Keeping safe while sanitising

Keeping safe while sanitising

Burt Rodrigues, CEO of  Biodx, and dermatologist Dr Selwyn Schwartz give their insights into hand sanitisers.

“The latest research carried out by accredited laboratory SciCorp in KwaZulu-Natal has shown that out of 11 hand sanitisers – nine bought from stores and two samples given out at the entrance to a mall or shop – five were found to be non-compliant,” says Rodrigues. “This means they didn’t contain the minimum 70% alcohol content, as required by law.

“What was particularly frightening to note was that labels on two of the products claimed to have 70% alcohol content, while in reality, one had 46,3% ethanol and another, claiming to have 85% alcohol, had 54,9% propanol. This at a time when people’s very lives depend on trusting these sanitisers, not only to keep them free of Covid-19 but also not to cause irreparable harm to their skin or health.”

Skin reactions to sanitisers

“There are two major types of skin reactions that could be caused by hand sanitising, according to the National Center for Biotechnology Information in the United States,” warns Rodrigues. “Most common would be dryness, irritation, itching and even cracking and bleeding – or a stronger allergic reaction to an ingredient in a particular product which could cause respiratory distress and even anaphylaxis.”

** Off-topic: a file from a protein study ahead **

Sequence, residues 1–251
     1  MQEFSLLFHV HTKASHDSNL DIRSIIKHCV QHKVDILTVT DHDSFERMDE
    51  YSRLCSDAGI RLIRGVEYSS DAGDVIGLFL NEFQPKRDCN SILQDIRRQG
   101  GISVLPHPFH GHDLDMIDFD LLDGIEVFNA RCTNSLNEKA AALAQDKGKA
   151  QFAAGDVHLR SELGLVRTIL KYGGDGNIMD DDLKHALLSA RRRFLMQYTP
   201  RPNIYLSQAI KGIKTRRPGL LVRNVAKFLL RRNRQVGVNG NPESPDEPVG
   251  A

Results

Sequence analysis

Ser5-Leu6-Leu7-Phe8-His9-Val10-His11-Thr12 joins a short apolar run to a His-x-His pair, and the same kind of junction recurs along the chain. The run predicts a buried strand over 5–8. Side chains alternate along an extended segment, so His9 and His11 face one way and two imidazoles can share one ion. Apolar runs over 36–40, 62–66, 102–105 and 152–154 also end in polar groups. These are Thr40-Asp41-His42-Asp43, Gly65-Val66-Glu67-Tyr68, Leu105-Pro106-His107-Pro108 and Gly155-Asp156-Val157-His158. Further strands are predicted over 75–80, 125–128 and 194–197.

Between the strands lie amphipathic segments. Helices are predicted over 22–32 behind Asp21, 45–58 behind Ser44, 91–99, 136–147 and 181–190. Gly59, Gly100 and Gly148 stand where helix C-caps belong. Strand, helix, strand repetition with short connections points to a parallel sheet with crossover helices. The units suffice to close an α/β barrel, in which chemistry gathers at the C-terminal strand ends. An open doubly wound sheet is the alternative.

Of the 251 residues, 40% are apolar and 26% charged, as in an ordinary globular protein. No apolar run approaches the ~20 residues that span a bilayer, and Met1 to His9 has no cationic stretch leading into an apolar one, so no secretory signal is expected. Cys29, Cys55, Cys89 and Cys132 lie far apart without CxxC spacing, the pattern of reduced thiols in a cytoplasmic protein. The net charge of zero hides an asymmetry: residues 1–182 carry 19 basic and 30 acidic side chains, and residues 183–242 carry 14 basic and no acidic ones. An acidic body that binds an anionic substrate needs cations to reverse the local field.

He adds that in any one day people are using hand sanitisers innumerable times without knowing just how many times that product is safe to use within that time frame. “And that’s assuming it’s a safe product in the first place. With this in mind we’re currently developing an alcohol-free, 99,999% kill rate hand sanitiser called vitrodx® hand with b bioactive, which is not only safer than alcohol but effective for up to seven hours.”

Tips from a respected dermatologist

According to a leading Johannesburg dermatologist, Dr Selwyn Schwartz, by far the best and safest way to keep your skin safe and healthy is to rather wash with soap and water when you can. “If you have the option of using sanitiser or soap and water, then definitely choose the latter, which will ensure you are moisturising as well as keeping the virus at bay. People who are in and out of buildings and shops where the only options are sanitisers should try and wash with soap and water as soon as they can and then moisturise with hand cream.”

Preventing sanitiser-damaged skin

• Use your own sanitiser (one you’ve verified is effective and safe) when entering and leaving any space;
• Wear gloves that you can sanitise – washing your hands before and after wear; and
• Where possible wash with soap and water rather than using sanitiser.

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